Speaking Thursday at the International Monetary Fund, Draghi said the program — involving 1.1 trillion euros ($1.3 trillion) in bond purchases — has "proven so far to be potent, more so than many observers anticipated."
Earlier this week, in fact, the 19 countries that use the euro currency reported the fastest economic growth in two years. And eurozone consumer prices stopped falling last month. The inflation report reduced fears that the region was in danger of slipping into a growth-killing spiral in which consumers put off spending because they expect future prices will be lower.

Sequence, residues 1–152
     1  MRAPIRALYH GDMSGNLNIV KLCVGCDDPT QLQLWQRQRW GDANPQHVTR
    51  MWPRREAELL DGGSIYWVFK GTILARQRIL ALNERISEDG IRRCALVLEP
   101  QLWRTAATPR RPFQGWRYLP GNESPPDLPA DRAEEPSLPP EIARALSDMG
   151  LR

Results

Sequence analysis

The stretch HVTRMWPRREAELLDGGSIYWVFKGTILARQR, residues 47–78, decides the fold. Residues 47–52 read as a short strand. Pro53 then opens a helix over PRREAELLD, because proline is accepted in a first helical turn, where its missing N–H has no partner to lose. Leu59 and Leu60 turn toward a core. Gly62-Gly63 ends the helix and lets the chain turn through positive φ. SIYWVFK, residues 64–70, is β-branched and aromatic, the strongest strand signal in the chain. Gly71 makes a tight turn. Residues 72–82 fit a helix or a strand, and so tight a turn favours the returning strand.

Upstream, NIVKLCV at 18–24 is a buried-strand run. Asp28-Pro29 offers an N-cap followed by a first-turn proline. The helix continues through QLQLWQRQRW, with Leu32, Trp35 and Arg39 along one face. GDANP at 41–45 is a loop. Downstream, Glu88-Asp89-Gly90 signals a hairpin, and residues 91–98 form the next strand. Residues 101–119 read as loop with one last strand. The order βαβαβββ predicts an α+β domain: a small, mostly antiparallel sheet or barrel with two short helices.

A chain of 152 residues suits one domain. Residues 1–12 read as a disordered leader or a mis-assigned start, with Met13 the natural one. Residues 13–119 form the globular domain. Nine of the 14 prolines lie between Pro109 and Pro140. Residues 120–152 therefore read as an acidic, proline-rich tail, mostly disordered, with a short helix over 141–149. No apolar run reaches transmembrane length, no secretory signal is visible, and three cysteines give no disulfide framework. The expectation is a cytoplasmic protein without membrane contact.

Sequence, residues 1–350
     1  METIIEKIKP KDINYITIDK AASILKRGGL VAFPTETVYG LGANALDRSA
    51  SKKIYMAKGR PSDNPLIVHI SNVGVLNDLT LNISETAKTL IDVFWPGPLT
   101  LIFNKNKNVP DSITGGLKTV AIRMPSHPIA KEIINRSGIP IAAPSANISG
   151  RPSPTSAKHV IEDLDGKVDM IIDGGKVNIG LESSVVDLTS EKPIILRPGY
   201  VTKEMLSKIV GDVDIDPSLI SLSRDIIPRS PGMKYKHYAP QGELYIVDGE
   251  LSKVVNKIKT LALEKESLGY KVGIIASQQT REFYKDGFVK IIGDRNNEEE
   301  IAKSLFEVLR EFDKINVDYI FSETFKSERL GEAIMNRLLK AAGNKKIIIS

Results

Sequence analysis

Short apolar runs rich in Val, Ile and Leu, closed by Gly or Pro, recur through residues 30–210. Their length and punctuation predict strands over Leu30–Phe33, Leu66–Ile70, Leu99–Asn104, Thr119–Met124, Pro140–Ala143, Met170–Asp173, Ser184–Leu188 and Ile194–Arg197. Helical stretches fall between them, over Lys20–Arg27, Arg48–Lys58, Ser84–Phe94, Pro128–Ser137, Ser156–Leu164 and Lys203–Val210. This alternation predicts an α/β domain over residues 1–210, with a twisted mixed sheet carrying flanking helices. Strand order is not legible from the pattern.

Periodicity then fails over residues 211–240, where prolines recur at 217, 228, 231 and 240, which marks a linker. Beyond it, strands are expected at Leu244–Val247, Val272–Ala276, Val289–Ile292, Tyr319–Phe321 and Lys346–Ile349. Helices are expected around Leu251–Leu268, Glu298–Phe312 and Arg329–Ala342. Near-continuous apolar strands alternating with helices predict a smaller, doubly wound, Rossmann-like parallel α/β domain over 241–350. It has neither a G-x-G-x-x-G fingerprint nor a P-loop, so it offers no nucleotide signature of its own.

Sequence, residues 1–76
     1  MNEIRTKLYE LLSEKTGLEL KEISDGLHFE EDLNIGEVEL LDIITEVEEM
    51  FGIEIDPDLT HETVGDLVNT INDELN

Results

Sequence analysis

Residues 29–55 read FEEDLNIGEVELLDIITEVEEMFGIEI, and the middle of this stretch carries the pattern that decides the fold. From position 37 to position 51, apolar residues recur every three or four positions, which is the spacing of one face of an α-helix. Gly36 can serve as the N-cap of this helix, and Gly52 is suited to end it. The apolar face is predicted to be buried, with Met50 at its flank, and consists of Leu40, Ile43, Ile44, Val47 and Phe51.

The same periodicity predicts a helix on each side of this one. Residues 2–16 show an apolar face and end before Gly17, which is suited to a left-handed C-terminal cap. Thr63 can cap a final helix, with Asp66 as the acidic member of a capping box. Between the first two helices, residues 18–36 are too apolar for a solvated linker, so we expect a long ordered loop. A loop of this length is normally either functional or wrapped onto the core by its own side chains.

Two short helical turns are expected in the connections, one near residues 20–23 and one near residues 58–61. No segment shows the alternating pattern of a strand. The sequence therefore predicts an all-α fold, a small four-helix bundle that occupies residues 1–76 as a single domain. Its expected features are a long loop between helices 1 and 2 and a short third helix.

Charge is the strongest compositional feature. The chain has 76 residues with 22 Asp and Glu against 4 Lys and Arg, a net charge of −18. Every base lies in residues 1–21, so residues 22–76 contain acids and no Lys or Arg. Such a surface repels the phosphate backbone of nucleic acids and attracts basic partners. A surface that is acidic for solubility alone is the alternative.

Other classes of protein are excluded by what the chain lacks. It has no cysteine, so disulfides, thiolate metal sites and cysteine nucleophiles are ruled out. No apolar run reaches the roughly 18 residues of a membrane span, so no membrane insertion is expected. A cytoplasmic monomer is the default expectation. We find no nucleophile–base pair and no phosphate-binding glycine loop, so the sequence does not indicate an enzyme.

But Draghi was not ready to declare victory over Europe's long struggle with economic stagnation.
"After almost seven years of a debilitating sequence of crises, firms and households are very hesitant to take on economic risk," he said.
He vowed that the bond-buying program "will stay in place as long as needed for its objective to be fully achieved on a truly sustained basis."
The ECB is buying 60 billion euros a month in government and corporate bonds using newly created money. Increasing the supply of money in the economy can raise inflation. The stimulus is also lowering market borrowing rates, which tends to boost lending and, by extension, economic activity. And it is pushing down the value of the euro, giving European exporters a price edge in world markets.
The U.S. Federal Reserve, Bank of England and Bank of Japan have also used bond purchases, or quantitative easing, to stimulate weak economies.Suggest a correction